Great read, and I love that you understand that even though the prevention measures are quite simple to pin point, its hard and complicated to implement on the ground especially with so many messed up decisions that have been made that are hard/ too expensive to reverse, e.g city planning.
Very well written article Dr. We need to stop allowing egos from ruling over common sense. Saying no to Cholera is simply common sense.
A very elaborate write up. Very enlightening. I like the simplicity with which you have put across a very strong argument, factual and on the spot. Prevention shall always be better than cure. I would like to challenge you to also look at it from this angle. 1. I feel its time that our law began to cater for negligence that causes such to fall under some sort of sabotage that can be prosecuted. Why? I feel people cannot hold public office, draw salaries from tax payers and then deliberately fail or look the other way while tax payers lives are left at risk. And there are no repercussions to such people. In this day and age, like seriously? Please look at it from this angle and enlighten us more. I thank you and wish you more blessings and wisdom. Stay blessed.
“I would hope that is not the situation we still find ourselves in.”…sad to say but I believe it’s worse now. To bring the economy and livelihood of people to a standstill for personal gain…can’t be anymore better marker for greed than that.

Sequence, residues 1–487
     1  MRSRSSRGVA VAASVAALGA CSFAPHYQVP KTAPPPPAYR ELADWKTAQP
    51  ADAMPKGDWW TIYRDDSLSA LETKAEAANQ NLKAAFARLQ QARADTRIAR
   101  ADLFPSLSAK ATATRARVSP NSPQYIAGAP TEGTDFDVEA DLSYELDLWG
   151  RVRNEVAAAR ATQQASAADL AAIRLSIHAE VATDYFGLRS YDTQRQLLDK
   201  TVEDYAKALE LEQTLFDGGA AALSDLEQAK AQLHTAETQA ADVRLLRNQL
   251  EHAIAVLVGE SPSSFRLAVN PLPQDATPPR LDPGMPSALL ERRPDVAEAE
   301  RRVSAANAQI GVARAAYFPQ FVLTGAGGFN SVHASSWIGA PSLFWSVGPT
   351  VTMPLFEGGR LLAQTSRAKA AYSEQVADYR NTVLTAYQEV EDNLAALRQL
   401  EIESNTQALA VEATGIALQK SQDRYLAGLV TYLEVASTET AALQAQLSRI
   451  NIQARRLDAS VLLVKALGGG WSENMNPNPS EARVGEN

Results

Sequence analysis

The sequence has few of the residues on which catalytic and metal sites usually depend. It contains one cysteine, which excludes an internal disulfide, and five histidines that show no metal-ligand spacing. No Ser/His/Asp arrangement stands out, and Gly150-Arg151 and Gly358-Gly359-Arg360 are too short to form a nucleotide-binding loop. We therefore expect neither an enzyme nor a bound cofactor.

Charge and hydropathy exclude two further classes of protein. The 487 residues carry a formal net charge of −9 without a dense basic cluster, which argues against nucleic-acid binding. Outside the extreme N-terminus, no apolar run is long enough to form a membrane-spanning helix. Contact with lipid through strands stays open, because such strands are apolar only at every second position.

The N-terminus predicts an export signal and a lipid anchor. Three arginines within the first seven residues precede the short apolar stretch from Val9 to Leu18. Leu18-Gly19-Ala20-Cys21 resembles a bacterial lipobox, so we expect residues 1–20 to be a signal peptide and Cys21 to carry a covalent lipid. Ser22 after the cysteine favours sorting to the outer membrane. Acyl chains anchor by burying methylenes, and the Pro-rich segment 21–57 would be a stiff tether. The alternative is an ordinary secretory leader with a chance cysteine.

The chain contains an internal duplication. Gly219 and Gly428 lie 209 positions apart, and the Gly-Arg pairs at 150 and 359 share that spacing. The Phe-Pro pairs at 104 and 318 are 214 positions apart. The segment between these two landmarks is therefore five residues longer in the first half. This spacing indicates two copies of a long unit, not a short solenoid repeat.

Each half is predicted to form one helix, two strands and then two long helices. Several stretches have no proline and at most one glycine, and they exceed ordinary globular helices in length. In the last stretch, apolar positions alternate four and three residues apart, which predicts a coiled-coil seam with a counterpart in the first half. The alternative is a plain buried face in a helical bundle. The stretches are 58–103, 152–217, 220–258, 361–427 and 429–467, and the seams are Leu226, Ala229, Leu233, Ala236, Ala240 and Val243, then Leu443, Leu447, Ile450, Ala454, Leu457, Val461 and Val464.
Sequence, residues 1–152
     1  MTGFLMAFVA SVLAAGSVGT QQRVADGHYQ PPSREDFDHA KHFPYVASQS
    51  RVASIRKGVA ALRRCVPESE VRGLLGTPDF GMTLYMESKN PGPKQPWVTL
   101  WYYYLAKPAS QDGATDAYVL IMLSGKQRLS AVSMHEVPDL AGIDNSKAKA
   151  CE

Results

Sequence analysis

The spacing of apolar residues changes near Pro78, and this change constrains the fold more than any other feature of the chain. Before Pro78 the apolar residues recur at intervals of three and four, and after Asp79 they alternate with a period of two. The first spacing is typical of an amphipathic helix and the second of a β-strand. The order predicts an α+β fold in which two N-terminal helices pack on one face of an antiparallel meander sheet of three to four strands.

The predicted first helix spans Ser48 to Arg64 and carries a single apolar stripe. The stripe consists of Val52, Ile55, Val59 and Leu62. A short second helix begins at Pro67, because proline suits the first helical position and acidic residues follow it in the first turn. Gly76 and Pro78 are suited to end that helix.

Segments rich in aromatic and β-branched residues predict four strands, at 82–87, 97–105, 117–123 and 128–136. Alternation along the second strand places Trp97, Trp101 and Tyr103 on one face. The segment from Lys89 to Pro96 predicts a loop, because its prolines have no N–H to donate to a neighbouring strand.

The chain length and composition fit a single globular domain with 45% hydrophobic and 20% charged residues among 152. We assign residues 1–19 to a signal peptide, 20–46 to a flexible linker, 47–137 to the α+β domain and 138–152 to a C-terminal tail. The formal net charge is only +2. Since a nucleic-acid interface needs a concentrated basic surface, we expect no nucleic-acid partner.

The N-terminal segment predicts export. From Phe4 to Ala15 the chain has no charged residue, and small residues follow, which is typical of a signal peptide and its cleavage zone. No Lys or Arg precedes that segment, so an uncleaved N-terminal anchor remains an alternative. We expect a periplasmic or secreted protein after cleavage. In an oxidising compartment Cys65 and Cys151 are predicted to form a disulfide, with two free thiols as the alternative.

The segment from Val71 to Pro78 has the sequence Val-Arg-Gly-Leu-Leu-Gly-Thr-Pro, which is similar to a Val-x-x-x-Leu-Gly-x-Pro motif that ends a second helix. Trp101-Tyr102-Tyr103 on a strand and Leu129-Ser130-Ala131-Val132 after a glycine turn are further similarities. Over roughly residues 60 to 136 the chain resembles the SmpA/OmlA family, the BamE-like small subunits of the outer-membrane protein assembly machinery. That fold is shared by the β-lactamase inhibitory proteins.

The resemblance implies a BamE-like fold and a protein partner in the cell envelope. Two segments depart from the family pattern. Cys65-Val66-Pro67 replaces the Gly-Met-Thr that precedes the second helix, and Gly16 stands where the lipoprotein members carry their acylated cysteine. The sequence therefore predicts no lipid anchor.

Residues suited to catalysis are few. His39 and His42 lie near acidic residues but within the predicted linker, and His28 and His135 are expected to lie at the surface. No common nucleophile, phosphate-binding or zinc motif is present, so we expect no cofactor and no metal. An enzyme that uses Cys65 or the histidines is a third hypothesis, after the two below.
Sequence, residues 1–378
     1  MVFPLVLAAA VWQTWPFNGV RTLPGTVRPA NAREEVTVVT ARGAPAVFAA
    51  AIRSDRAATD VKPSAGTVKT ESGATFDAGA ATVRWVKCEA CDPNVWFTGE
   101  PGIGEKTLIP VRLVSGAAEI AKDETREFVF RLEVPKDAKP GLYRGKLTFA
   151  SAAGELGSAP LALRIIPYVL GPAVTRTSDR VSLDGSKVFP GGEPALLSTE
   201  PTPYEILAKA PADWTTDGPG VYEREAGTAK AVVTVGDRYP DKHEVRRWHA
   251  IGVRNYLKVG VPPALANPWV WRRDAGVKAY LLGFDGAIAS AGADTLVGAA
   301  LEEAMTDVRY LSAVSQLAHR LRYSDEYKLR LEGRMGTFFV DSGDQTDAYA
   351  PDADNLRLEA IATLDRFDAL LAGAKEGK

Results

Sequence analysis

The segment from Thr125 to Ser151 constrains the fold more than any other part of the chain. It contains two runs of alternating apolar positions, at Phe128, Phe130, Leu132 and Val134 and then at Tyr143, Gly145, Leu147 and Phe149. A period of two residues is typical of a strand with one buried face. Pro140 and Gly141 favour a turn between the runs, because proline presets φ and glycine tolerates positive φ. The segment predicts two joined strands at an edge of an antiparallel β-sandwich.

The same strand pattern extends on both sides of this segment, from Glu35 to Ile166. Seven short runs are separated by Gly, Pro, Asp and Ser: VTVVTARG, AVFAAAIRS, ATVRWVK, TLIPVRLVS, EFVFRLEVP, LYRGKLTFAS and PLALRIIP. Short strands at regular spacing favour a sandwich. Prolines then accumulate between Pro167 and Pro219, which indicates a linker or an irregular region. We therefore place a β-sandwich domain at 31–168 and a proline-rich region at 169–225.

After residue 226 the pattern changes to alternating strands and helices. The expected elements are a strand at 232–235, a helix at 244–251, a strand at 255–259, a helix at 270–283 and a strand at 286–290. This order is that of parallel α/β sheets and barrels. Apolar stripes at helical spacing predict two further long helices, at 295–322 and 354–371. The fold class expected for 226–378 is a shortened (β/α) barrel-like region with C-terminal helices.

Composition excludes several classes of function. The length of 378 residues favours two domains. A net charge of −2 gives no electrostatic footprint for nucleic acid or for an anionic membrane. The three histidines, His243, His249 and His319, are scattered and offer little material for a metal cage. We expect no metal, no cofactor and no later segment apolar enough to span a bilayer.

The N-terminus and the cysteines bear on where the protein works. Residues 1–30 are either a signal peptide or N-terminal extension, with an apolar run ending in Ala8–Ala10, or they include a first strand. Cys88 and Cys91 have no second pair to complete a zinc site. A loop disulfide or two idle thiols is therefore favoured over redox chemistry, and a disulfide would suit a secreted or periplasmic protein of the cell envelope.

Speaking of the measures being undertaken, fine it’s good enough that there’s a massive clean up that’s been done. But what are the sanctuary sites for Vibrio cholerae? Is it garbage?? How about the underground water contamination from pit latrines in areas not serviced by sewerage companies? This is true for both planned and unplanned settlements. Water contamination is by far the commonest route of transmission and speaks volumes about our state of social development. Could take years and huge sums of money to clear this mess but are we literally doing anything? Do we even have any long term plans for this? Why don’t we crack down unplanned settlements before they get too established?
Doc, this is a good piece of work. That is true our leaders do not focus on long term solution. The other issue is mind transformation. For cholera to be fought, we need mindset change.